Avant-garde religious site in L.A.’s Koreatown wins architectural award

The team behind Audrey Irmas Pavilion—designed as a gathering space complementing the Wilshire Boulevard Temple—has won an award for this new monument in L.A., which stands apart from the historical temple with its contrasting architectural form yet pays deference to it.

The award is the American Institute of Architects (AIA) Los Angeles’s 2022 Building Team of the Year. The award is shared by the project team led by the Office for Metropolitan Architecture (OMA), and Gruen Associates as architects. Some of the other collaborators involved were Arup as the structure, MEP, facades, fire and life safety consultant; Theatre DNA as performance space consultants; Studio-MLA as the landscape designer; L’Observatoire International as the lighting designer; Rhyton Engineering; vertical transportation consultant Syska Hennessy Group; and MATT Construction as the general contractor.

The Pavilion, spanning 5110 m2 (55,000 sf), grounds itself on the basic box shape, consisting of three distinct gathering spaces expressed as voids punctured through the building—a main event space (large), a chapel and terrace (medium), and a sunken garden (small). The three spaces are interlocked and stacked atop another to establish vantage points in and out of each space. Within each space are a series of openings, filtering in light and framing views of the temple and the historic school, reorienting visitors to the complex and beyond.

At the ground level, the main event space echoes the Temple dome by lowering the arc and extruding it north across the site to connect Wilshire Boulevard to the school courtyard. In its full length, the vaulted, column-free expanse has the capacity to host diverse programs such as banquets, markets, conventions, performances, and art events. An oculus provides a view through the void to the dome of the historic Temple.

On the second level is a more intimate chapel and outdoor terrace. The trapezoidal room and terrace face west, framing the arched stained-glass windows of the temple. A third void is a sunken garden that connects smaller meeting rooms on the third floor to the rooftop event space with expansive views of L.A., the Hollywood sign, and the mountains to the north. Together, the voids establish a diverse collection of spaces for multiple purposes—from sermons and studies, to b’nai and b’not mitzvah and concerts, to work and relaxation.

The facade draws from the geometries of the temple’s dome interior. A single hexagon unit with a rectangular window is rotated to reflect the program within and aggregated to create a distinct pattern. The 1230 glass fiber reinforced concrete (GFRC) panels enhance the building’s volumetric character while adding a human-scaled texture that breaks down its mass, changing in tone, depending on the time of day and the orientation of the panels’ ridges. The tonality and materiality resonate with the textures of the existing temple and campus while enhancing interior the color throughout the Pavilion.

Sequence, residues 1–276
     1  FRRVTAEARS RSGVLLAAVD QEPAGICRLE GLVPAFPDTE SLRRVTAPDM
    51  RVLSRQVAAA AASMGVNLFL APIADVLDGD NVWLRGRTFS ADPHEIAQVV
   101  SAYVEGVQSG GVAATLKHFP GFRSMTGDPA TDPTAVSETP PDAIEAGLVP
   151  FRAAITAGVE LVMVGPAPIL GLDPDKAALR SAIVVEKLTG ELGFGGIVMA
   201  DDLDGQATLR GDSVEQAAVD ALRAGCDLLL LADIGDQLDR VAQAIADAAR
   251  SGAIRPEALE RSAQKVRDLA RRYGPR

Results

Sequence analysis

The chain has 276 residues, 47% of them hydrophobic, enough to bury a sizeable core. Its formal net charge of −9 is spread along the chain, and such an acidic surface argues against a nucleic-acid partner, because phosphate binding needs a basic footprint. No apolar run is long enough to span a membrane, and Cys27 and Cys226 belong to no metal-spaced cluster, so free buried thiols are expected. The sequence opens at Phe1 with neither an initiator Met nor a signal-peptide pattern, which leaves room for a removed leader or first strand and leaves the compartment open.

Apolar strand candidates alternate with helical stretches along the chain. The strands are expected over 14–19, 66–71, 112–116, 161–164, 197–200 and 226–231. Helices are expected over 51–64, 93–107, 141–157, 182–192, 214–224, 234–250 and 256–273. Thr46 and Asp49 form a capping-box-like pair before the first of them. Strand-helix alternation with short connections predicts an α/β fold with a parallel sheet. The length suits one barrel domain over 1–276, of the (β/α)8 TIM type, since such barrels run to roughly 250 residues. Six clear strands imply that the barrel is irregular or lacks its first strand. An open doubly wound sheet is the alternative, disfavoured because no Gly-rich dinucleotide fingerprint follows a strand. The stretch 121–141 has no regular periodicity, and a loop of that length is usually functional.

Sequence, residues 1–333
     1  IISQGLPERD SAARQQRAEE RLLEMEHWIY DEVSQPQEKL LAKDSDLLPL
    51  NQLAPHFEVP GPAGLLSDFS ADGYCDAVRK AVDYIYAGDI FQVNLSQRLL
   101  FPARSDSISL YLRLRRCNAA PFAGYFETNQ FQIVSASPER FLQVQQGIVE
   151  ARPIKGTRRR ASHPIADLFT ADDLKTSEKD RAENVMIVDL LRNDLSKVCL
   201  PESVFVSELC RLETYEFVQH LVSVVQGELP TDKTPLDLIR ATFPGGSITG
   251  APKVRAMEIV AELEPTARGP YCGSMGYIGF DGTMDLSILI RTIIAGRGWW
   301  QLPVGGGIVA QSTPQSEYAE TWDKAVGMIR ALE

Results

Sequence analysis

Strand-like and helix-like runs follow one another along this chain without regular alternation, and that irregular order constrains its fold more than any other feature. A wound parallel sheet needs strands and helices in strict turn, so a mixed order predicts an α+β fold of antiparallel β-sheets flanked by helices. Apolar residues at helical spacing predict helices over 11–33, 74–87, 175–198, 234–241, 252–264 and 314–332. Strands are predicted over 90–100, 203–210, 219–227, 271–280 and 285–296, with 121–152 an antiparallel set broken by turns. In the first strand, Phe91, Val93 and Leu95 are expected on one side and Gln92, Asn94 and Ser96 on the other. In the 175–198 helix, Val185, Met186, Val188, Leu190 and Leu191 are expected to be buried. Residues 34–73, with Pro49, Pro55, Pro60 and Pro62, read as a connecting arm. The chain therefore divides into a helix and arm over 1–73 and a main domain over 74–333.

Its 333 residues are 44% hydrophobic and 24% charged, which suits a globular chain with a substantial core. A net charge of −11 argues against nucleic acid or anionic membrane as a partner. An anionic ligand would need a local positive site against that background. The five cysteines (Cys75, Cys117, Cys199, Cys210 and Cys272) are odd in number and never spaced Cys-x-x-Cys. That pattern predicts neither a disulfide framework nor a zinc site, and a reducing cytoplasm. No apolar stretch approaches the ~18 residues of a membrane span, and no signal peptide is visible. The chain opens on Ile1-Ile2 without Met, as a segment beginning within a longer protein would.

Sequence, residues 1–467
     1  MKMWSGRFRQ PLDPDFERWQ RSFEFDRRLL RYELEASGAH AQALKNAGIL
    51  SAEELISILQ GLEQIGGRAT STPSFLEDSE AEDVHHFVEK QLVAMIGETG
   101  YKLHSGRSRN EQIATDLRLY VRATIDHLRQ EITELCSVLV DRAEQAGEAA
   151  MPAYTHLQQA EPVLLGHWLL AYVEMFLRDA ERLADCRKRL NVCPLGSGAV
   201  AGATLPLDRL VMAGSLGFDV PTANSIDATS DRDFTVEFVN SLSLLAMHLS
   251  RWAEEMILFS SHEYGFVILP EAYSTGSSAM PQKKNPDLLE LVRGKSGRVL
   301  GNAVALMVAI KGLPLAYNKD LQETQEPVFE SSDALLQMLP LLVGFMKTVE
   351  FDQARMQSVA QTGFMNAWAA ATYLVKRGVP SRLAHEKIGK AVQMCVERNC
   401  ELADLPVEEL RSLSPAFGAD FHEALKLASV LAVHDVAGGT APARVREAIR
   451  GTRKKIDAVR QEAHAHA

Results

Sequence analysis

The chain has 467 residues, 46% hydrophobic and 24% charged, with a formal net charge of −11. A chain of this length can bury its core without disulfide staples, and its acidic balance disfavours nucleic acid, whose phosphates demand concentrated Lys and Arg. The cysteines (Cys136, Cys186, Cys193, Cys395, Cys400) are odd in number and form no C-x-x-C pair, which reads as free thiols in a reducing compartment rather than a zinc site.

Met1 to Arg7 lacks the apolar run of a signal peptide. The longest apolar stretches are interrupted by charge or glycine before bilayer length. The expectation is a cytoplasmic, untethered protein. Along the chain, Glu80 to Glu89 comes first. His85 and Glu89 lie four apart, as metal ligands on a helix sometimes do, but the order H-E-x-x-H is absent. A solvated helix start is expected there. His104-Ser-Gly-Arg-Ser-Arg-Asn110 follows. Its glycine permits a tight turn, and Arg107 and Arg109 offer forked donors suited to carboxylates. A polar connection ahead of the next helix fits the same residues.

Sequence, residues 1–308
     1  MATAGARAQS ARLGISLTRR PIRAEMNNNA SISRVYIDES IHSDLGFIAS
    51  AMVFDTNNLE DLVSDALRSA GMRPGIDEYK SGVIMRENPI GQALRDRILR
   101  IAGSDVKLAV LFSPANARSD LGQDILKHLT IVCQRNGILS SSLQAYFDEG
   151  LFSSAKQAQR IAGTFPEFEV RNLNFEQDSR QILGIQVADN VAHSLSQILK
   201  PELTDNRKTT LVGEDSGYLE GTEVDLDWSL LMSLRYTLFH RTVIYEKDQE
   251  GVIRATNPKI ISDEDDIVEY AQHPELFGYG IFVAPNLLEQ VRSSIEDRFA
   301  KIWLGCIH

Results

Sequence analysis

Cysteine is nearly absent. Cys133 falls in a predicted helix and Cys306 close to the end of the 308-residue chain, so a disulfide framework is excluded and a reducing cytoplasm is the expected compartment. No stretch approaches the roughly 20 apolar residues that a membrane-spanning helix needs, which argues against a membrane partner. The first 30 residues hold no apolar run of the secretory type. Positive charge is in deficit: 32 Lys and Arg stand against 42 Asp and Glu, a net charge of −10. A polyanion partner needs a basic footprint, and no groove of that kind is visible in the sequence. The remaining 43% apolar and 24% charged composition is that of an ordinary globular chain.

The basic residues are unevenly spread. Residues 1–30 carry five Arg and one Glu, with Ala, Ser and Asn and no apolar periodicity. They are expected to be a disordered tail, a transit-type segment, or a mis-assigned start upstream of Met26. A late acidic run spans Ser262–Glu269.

Rem Koolhaas, OMA partner, was also commissioned to design a mezuzah for each door frame within the Pavilion. The purpose of the mezuzah is to act as a constant reminder of God’s presence, identifying Jewish homes as places of kindness, The Torah, generosity, and peace. For their design, each individual letter atop each mezuzah called a shin, was meticulously developed, hand-cut, filed and polished before being adhered to the mezuzah crafted from aluminum foam and cast in colored resin. “I was both intrigued and challenged to design the mezuzahs for the doors within the Pavilion. It is an unexpected religious object having to answer explicit religious edicts, laws, and rules which made it totally fascinating for me and a very good lesson to have at some point in my life.” says Koolhaas.

“We assembled a constellation of spaces, distinct in form, scale, and aura—an extruded vault enveloped in wood establishes a multi-functional, central gathering space and connective spine. A trapezoidal void draws tones from the Temple dome and frames its arched, stained-glass windows, and a circular sunken garden provides an oasis and passage to a roof terrace overlooking L.A. Three interconnected voids make the solid form of the Pavilion strategically yet surprisingly porous, engaging the campus and the city. The Pavilion will support both old and new activities, values, and traditions to foster a renewed energy for gathering,” says OMA partner, Shohei Shigematsu.

“As the ideal host for the Wilshire Boulevard Temple community, the Audrey Irmas Pavilion provides gathering spaces that can engage both internally and externally. In relationship to its classical counterpart, the pavilion offers a dynamic dialogue, politely reclining from the Temple and leaning towards Wilshire Blvd to invite visitors in. A complex of interior and exterior spaces distributed over multiple levels connect campus to city and frame new perspectives of the existing temple,” says OMA associate, Jake Forster.


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